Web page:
I had a meeting today with my phonology professor/academic advisor. It went so well, I was stunned.
First off, I walked in there with a plan to denounce any skill it seems I might have with optimality theory and tableaus. I had been waiting to receive an assignment back from 2 weeks ago and we had a test last week. I didn’t feel good about either of them. So I walk in and say “Look. I think I’m doing all of this backwards and illogically and I don’t think I know what I’m doing AT ALL, EVER and it’s stressing me out. I would also like to point out that I know that approximants are not a natural class and I don’t know why I put that in my last assignment.”
My professor calmed me down, gave me my assignment back (I got an A-, yay!) and told me that I’m not stupid. Which always makes me feel good. She explained a few things, showed me what I did wrong, and made me feel better in general. She also offered to be my first reader on my thesis whenever I’m ready to start working on that and listened to my multitude of ideas for a thesis. I told her about a short paper I had recently written for sociolinguistics, about the clashing of speech communities post-Katrina and she was fascinated.
This is the thing about doing Katrina research. I feel a little labeled already as the “Katrina student.” People know that I moved to Austin from the New Orleans area and, even though I don’t discuss it much, they can do the math and figure out that I was there for Katrina. I felt a little worried about doing research in that arena. But it’s a rich resource that is going ignored. From an academic standpoint, it’s pretty much untapped. From a social standpoint, there are a lot of problems there surrounding language that need to be addressed. And, as Anna points out, if I don’t do it someone else will. Someone who isn’t from there and might miss some important nuances. It’s kind of like the Spike Lee documentary. Someone needed to do it, but he got parts of it wrong because he just couldn’t know. So I might as well do it. If I can combine phonology with socio, maybe examine salient phonological features of a dialect and examine how they’re used to identify speakers, maybe that will give me a good angle.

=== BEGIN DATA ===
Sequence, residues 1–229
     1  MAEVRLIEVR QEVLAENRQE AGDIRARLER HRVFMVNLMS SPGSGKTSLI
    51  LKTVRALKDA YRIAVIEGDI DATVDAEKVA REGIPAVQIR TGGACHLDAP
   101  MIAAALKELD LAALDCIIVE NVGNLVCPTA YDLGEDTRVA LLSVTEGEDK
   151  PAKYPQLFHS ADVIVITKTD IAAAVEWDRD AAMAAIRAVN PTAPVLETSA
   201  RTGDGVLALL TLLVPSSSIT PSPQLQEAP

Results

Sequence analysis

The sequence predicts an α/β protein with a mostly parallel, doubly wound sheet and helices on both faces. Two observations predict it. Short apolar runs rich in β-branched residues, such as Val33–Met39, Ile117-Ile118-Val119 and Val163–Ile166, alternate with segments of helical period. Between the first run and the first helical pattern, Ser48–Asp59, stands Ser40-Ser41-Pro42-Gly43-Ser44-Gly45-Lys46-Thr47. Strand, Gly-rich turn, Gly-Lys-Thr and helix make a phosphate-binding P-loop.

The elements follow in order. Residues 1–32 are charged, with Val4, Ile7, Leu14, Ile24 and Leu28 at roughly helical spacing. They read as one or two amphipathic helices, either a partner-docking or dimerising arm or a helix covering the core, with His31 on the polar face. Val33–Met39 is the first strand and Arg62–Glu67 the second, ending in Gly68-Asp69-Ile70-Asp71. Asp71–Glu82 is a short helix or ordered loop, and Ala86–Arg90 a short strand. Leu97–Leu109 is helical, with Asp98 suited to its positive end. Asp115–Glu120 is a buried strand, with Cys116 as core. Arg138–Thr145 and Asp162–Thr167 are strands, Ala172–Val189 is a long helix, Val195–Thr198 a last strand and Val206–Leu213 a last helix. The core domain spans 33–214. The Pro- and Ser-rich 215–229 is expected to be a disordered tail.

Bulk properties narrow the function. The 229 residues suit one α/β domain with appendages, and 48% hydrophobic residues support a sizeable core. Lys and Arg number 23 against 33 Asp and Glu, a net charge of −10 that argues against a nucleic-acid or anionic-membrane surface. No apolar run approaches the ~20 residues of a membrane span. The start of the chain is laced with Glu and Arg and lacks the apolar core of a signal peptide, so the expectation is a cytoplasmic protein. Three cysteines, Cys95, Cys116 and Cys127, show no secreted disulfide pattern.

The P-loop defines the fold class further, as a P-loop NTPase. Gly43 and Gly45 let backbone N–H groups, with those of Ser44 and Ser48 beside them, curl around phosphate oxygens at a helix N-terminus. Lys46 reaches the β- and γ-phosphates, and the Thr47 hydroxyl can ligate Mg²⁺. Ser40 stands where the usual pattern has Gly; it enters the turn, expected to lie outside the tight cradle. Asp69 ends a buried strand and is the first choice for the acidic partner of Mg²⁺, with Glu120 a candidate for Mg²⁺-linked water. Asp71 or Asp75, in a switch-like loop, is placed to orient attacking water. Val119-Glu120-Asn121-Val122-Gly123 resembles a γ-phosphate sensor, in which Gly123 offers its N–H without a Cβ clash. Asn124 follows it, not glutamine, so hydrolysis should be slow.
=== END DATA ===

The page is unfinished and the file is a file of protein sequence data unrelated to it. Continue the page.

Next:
My professor also loaned me a couple of books to look at over Spring Break next week, Queerly Phrased, a look at gay and lesbian speech and slang, and a book on gender and language. The articles look wonderful, and I’m looking forward to reading it.
All in all, a great meeting. I always feel much better after meeting with her. I usually feel out of place in my department, as if I’m just not understanding everything or I’m looking at everything in a slightly different way. But I’m getting excited about school again, which is nice.